New York: Key stock markets were soft on Tuesday and the dollar faltered as nervousness reigned surrounding China-US trade talks with less than one week until Washington is due to impose fresh tariffs on Chinese goods.
With the December 15 deadline approaching, US President Donald Trump still has not scrapped planned levies on about $160 billion of Chinese goods, which many fear could derail efforts to resolve the two countries’ churning trade war.
“Given the market has bought into the December tariff delay in a big way, all hell could break loose if the tariffs don’t get postponed,” said Stephen Innes at AxiTrader.
“Indeed, that would be a bitter pill for investors to swallow as the reality... sets in that they have yet again been taken down the trade talk garden path only to end up at the cliff edge.”
The London equity market also was hit by official data showing the UK economy flattened in October after contracting the previous two months.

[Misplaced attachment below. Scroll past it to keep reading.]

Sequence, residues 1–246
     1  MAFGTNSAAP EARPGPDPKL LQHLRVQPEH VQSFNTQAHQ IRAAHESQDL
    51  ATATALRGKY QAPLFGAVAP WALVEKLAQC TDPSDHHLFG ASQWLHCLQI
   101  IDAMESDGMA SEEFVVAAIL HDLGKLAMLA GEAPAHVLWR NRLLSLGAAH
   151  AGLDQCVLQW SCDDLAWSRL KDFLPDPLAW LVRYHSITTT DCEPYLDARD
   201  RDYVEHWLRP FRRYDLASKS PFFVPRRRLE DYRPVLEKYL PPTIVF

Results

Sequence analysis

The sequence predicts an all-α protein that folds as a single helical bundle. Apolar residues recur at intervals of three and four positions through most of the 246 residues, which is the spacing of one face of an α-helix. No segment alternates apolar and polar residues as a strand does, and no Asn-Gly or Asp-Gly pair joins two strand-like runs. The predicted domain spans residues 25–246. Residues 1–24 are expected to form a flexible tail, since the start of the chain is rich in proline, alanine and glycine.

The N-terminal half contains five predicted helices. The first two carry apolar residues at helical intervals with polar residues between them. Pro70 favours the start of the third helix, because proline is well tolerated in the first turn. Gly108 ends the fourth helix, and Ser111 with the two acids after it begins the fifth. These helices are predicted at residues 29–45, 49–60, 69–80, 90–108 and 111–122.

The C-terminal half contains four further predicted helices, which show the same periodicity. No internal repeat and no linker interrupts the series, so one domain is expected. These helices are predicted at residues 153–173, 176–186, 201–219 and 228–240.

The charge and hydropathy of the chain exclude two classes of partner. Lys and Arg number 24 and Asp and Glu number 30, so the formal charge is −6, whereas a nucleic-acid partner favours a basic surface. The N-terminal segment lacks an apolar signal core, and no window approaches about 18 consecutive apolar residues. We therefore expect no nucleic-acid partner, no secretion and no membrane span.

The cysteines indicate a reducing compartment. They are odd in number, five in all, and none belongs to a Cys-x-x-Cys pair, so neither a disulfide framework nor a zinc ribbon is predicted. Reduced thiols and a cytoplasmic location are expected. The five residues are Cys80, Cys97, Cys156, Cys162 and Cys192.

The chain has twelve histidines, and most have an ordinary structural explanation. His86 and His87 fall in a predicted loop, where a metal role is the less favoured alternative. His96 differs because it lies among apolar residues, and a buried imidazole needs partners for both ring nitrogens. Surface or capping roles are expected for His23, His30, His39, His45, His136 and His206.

But sterling still climbed to an eight-month high at $1.3190, one day after reaching a 2.5-year peak against the euro.
The British currency remains well supported going into the final straight of the UK general election Thursday, with Prime Minister Boris Johnson’s Conservatives tipped to win a majority that will help him drive through his Brexit deal.
The euro, meanwhile, got a shot in the arm from a closely-watched German confidence gauge - the ZEW barometer - which returned to positive territory after months in the red, although fears linger over trade tensions and an industrial slowdown.
Wall Street ended the day in the red for a second straight session while European stock markets ended their day off the worst levels seen in the morning, with Paris even managing a slight gain.
Major Asian indices closed little changed.
The consensus is that China and the United States will eventually hammer out a partial trade pact to relieve some of the uncertainty, and that has fueled a global equity rally for weeks.
However, conflicting comments from both sides - optimistic and downbeat - are keeping dealers on their toes.
While the week is full of key events including central bank decisions in the United States and Europe, market observers say the trade negotiations are critical.